“There will always be a tomorrow,” we say. We build up our financial reserves for the future. We build and buy to such an extent without thinking that our life could come to an end so quickly. Life ends, things terminate, the only permanent fact of life is our impermanence. There is nothing wrong with planning for the future, but our planning always needs to take into consideration that one day all our plans will come to end.
We hate to think of this and even deny it but every now and then we are stopped short when planning for the future, and I’m finding myself saying to myself more and more as I get older, “Hey, I probably won’t even be here when this happens” or “If I’m still here I’ll probably be too old to enjoy it”.
Our lives hang by a fragile thread. And we are reminded of this even more so when people younger than ourselves suddenly die. The fact is driven home that we’re temporary residents here on this earth. As Psalm 90 says of us, “We are like grass which flourishes in the morning; by evening, it fades and withers.”
Well so far this sermon hasn’t been all that joyful. Talking about the inevitability of death and the end of things isn’t the happiest topic. The apostle wants us to be real about these things but he isn’t finished yet. There is more.
First, Jesus has made is possible for us to face our last day with confidence and the hope of a life that will go on forever. To fear the passing away of everything that is familiar is normal but at the same time we know that we have a Saviour who has a powerful love for us. This was the main reason for Paul writing this part of his letter to the Thessalonians. He reminds them, “God did not choose us to suffer his anger, but to possess salvation through our Lord Jesus Christ, who died for us in order that we might live together with him, whether we are alive or dead when he comes” (1 Thess 5:9-10).
Jesus has made it possible for sinners to survive God's judgement on the Last Day. We could never escape the consequences of our sin and the punishment we deserve but Jesus has absorbed our guilt and pain for us. He offers us forgiveness and love. He holds out to us the hope of salvation. Jesus has done the hard work for us. We are forgiven.
The Holy Spirit prods us to respond with faith to the grace of God and believe that Jesus truly is the Way to eternal life. Only because of Jesus and his righteousness the Day of judgement becomes a Day of Salvation.
But the apostle doesn’t stop
there when talking about the Day of the Lord.
When Christ comes again he should find us living as children of the
light. This is how Peter talks
about being ready for the Day of Judgement.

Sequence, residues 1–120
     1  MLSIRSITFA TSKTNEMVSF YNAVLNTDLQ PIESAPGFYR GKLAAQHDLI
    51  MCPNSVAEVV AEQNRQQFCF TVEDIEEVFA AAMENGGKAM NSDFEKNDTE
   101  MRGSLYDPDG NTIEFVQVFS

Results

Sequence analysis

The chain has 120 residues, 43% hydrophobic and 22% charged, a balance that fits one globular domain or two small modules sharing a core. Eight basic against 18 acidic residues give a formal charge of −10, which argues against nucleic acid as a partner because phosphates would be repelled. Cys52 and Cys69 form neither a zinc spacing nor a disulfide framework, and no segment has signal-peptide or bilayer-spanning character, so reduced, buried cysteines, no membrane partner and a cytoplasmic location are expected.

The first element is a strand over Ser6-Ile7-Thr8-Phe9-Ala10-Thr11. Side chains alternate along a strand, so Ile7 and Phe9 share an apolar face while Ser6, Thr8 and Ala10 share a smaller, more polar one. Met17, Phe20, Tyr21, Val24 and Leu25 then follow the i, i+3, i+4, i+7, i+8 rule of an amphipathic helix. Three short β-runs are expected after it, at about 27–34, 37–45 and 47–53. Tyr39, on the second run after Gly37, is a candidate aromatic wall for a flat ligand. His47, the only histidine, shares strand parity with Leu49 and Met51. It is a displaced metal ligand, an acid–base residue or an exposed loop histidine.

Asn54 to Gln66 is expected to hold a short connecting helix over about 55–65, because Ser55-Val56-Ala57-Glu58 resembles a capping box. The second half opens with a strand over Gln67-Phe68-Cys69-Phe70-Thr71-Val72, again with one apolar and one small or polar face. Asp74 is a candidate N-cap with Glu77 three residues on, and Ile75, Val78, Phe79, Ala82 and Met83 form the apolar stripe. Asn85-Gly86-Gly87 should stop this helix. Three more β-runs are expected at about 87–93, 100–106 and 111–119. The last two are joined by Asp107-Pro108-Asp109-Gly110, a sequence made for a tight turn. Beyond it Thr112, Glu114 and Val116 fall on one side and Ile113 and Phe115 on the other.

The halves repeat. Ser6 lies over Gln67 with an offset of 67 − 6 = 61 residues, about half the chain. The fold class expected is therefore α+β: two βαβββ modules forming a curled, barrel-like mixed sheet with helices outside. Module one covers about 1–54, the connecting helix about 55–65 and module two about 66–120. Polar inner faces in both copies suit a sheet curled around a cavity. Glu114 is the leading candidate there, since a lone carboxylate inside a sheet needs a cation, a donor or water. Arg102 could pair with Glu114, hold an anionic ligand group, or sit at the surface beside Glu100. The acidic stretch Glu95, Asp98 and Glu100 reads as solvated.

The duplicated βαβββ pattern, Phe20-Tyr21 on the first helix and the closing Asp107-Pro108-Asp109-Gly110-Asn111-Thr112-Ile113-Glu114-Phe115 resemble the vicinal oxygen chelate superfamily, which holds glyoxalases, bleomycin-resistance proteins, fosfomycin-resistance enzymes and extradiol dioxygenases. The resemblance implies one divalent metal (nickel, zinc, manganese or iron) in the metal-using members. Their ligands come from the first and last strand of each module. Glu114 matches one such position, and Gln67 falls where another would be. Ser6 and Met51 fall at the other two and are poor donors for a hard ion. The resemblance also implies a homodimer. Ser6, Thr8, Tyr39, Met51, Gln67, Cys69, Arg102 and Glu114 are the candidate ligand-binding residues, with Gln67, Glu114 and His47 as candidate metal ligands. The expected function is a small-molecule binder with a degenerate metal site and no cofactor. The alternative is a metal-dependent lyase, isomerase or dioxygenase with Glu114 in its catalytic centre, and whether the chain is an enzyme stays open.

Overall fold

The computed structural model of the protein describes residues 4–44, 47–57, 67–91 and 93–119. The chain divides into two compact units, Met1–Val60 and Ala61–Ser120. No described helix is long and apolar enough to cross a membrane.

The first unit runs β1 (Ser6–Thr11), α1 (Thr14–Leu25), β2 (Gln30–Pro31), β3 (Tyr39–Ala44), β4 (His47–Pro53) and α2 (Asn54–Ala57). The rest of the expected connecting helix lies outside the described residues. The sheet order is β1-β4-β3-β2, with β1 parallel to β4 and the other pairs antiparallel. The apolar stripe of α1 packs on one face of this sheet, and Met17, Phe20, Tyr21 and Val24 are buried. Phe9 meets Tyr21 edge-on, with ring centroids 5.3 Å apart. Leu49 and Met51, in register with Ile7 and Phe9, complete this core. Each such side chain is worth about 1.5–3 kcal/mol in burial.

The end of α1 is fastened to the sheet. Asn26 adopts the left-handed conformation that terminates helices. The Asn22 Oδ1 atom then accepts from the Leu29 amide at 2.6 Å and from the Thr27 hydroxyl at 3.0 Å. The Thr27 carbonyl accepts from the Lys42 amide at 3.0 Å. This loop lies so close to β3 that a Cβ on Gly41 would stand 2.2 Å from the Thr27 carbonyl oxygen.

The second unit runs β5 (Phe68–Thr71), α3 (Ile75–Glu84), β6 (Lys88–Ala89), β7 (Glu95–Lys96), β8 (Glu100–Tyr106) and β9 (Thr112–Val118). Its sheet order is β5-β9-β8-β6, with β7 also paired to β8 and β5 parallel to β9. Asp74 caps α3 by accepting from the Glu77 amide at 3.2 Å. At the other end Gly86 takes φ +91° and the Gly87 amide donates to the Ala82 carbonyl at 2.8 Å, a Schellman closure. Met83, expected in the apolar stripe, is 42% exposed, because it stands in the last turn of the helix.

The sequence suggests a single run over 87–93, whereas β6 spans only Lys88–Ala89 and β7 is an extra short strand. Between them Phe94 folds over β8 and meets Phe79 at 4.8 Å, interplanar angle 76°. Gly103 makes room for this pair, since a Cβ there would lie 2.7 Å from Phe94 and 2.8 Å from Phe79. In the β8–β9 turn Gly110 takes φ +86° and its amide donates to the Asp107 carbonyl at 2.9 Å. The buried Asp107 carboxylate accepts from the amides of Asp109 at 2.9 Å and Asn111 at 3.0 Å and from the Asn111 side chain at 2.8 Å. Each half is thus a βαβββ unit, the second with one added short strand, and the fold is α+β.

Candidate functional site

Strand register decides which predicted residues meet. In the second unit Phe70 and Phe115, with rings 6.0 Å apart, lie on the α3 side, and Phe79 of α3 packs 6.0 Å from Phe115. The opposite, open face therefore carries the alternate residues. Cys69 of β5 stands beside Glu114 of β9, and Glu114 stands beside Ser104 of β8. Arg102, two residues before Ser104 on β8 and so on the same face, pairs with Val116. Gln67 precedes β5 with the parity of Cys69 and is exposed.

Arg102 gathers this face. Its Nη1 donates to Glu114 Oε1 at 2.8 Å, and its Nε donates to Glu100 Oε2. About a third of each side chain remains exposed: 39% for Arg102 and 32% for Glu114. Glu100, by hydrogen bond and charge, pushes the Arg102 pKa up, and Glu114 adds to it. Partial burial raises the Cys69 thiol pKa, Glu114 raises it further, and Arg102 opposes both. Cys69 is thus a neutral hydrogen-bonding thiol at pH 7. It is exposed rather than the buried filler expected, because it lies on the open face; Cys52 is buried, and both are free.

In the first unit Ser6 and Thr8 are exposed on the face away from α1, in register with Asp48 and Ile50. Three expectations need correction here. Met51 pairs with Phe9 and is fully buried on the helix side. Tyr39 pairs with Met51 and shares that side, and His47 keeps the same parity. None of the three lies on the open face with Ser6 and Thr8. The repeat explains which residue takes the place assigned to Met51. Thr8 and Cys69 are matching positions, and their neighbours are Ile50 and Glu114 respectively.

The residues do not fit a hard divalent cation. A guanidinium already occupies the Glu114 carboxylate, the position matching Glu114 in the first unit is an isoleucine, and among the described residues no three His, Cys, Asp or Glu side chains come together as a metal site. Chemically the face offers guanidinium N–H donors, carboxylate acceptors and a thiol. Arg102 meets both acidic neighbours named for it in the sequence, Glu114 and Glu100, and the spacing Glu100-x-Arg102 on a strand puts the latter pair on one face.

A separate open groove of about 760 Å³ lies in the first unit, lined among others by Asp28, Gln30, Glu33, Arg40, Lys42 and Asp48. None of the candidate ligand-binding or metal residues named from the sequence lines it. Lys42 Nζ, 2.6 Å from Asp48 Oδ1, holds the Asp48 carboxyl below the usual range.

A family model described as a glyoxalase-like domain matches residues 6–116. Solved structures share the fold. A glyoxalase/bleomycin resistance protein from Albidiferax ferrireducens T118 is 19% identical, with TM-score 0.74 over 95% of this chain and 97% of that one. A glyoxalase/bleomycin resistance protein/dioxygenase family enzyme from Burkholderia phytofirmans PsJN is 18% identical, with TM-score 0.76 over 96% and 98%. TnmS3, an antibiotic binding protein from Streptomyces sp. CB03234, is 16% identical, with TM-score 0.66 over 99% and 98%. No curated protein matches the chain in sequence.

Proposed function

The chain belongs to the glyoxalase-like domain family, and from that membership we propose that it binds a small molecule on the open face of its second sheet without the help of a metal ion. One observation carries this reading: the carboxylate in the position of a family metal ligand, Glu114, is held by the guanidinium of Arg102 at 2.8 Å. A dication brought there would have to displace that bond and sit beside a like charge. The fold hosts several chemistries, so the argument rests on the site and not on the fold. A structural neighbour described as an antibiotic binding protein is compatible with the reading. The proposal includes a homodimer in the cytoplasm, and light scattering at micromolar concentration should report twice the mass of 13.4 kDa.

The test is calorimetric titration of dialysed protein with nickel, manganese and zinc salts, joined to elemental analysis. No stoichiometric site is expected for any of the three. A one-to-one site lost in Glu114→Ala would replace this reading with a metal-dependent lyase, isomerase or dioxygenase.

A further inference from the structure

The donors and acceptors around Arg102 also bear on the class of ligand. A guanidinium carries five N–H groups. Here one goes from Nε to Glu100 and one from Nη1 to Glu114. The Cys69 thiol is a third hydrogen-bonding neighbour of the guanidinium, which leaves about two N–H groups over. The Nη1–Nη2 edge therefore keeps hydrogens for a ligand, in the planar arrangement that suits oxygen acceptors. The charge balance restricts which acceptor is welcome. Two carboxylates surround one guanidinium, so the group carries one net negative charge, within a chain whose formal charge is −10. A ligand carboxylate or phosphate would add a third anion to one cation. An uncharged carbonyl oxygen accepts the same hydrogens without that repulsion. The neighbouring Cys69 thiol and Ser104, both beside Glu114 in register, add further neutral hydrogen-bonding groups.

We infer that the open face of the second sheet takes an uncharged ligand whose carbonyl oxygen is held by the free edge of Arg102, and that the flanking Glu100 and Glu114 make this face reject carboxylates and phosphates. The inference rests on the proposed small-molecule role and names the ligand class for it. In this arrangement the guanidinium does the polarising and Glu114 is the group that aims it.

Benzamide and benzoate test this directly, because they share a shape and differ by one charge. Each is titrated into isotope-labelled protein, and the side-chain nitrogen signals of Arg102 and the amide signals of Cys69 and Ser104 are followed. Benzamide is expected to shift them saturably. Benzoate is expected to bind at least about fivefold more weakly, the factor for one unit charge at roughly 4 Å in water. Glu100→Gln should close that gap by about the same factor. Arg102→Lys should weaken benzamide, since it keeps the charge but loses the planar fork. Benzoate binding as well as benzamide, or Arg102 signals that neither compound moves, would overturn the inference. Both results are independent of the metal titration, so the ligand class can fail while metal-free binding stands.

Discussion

“The end of all things is near. You must be self-controlled and alert, to be able to pray. Above everything, love one another earnestly, because love covers over many sins. Open your homes to each other without complaining. Each one, as a good manager of God's different gifts, must use for the good of others the special gift he has received from God. Those who preach must preach God's messages; those who serve must serve with the strength that God gives them” (1 Peter 4:7-11).
Live as children of the light. In other words, be who God called you to be. Live in hope, faith and love and let these three shine into the lives of the people around you and make a difference. Don’t follow the dark ways of the world but follow the ways of Christ. This will not always be easy in this modern world where your trust in God, your hope and service to others will be challenged by selfishness and the values of the world around you. The pressure to give up will be intense. The desire to try something easier, more exciting, seemingly more rewarding will draw you away from Christ and the church to something more satisfying.
We know how frustrated we can get when things aren’t going the way we think they ought to in the church. We may wonder why God allows his church to be so ineffective. Why isn’t it a more powerful force in our world in these last days before Jesus comes again?
Paul wrote to the Thessalonians because they were expecting Jesus to come now and make things right now but he hadn’t shown up. They were becoming frustrated and unsure.
And so Paul says,
“Encourage one another and
help one another”.
There is strength in facing these last days before Christ’s return
together. It’s much easier doing it
together as the body of Christ.
Encourage one another.
Support one another.
Pray for another.
Stand beside one another in trying times.
Walk with one another when the journey is hard.
Forgive on another when you mess up.
Work together and build each other up as you do the work of Christ.
And in our worship as we realise that we mess up often we are encouraged as we come together and receive the body and blood of Jesus in Holy Communion and experience the grace of God once again.
We can face the Last Day with certainty and the assurance that all will be well for us because of Jesus Christ.
© Pastor Vince
16th November 2014